by Donald Barthelme


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"No other word for it: a charming book." Peter S. Prescott, Newsweek

Product Details

ISBN-13: 9781564784032
Publisher: Dalkey Archive Press
Publication date: 10/28/2005
Series: American Literature (Dalkey Archive) Series
Pages: 208
Sales rank: 1,212,811
Product dimensions: 5.60(w) x 8.50(h) x 0.70(d)
Age Range: 18 Years

About the Author

Donald Barthelme was one of the most influential American novelists of the 1970s and 1980s, bringing a unique postmodern voice to his novels, short stories and essays. He died in 1989.

Customer Reviews

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Paradise 4 out of 5 based on 0 ratings. 2 reviews.
abirdman on LibraryThing More than 1 year ago
A series of very short "chapters" (almost separate stories) with a very amusing premise-- a newly separated married man lives in an apartment with several beautiful woman who all love him. Only Barthelme could find the down side, and he does.
Guest More than 1 year ago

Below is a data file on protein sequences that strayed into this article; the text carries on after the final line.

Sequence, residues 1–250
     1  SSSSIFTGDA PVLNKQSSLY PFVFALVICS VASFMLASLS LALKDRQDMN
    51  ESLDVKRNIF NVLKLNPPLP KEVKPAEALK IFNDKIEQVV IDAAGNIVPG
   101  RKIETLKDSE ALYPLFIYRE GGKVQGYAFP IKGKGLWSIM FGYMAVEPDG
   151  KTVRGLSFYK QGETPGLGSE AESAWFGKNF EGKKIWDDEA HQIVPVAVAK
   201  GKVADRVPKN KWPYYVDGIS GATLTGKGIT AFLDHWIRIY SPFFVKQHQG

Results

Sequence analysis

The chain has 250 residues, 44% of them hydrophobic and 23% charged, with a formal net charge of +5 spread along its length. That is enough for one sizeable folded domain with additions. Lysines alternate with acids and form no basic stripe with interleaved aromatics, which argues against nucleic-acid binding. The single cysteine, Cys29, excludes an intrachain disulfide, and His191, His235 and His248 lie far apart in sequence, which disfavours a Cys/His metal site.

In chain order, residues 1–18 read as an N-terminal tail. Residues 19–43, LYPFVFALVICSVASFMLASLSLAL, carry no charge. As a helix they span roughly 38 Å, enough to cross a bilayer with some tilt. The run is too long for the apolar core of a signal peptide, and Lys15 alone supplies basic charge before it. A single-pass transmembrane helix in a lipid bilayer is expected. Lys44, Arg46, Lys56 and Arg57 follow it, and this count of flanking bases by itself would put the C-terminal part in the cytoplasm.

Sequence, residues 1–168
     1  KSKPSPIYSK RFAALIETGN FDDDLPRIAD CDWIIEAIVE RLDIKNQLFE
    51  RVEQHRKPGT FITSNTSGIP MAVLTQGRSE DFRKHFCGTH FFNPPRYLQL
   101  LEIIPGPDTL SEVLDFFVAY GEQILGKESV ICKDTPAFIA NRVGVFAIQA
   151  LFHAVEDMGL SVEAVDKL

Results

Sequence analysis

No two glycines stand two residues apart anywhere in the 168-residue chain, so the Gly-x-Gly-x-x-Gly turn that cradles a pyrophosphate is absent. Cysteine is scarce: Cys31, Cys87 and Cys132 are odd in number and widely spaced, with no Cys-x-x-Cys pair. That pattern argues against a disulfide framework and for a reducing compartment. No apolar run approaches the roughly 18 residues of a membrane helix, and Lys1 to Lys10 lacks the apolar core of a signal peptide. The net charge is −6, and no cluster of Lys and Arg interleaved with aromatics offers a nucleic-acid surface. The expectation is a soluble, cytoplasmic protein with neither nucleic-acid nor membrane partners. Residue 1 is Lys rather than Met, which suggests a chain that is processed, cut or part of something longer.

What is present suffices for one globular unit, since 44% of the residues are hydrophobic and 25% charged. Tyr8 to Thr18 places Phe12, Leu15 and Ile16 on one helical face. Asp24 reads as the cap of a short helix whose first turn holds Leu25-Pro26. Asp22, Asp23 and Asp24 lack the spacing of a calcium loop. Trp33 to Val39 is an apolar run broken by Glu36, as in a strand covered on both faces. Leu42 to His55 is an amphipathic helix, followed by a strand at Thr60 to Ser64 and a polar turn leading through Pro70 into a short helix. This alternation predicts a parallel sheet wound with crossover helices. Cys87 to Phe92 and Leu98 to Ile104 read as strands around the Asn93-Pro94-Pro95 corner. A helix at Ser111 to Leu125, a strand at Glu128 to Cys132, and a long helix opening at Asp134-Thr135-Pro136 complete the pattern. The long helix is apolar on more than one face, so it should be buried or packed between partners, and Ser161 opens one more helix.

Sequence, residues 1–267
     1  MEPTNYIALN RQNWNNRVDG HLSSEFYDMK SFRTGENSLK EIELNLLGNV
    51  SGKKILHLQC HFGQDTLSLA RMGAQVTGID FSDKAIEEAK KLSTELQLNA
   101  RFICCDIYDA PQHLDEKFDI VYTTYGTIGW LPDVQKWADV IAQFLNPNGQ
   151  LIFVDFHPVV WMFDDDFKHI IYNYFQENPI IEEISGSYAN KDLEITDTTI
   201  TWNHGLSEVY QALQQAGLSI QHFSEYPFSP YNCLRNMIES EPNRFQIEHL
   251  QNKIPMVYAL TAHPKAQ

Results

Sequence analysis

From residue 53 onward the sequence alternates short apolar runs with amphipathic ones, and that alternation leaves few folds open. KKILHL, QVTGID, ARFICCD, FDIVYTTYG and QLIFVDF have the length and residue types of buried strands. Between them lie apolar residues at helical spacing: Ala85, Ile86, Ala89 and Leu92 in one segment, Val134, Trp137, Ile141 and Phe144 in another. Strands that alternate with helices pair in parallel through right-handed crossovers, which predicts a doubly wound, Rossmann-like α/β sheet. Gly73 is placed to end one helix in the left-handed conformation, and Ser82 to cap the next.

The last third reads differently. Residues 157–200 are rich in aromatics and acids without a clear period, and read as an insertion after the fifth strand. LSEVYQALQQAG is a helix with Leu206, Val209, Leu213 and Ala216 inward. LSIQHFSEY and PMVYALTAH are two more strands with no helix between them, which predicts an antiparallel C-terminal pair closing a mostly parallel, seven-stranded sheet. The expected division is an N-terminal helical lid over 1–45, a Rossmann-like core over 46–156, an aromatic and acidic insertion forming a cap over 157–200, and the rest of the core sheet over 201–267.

It is a given that every male, from adolescence to the geriatric years, fantasizes about having a harem of beautiful women to amuse him. That accounts for the success of magazines like Playboy and Penthouse, and in fact for the success of most of the porn industry. Barthelme taps into this fantasy with his deft and appropriate prose and his accurate use of the idiom of the day. Simon is a 53 year old architect, recently separated from his wife in Philly, and living in a too-large apartment in New York. Simon, in a bar, 'just happens to' run into three beautiful lingerie models down on their luck and with no place to stay. So, guess what? They move in with him, lock, stock and makeup kits. If you buy such an unlikely encounter, then it's off and running with Paradise and the happy foursome. The girls are self-absorbed and energetic; Simon is thoughtful and accepting. It lasts eight months, Simon recounts the story to his shrink after it's over, and it's an amusing, tender yarn. Paradise is an enjoyable read. The few sex scenes, if you can call them that, are definitely soft-core by today's standards. And there's not an awful lot in the way of character development or the deeper meanings of life. But it's fun.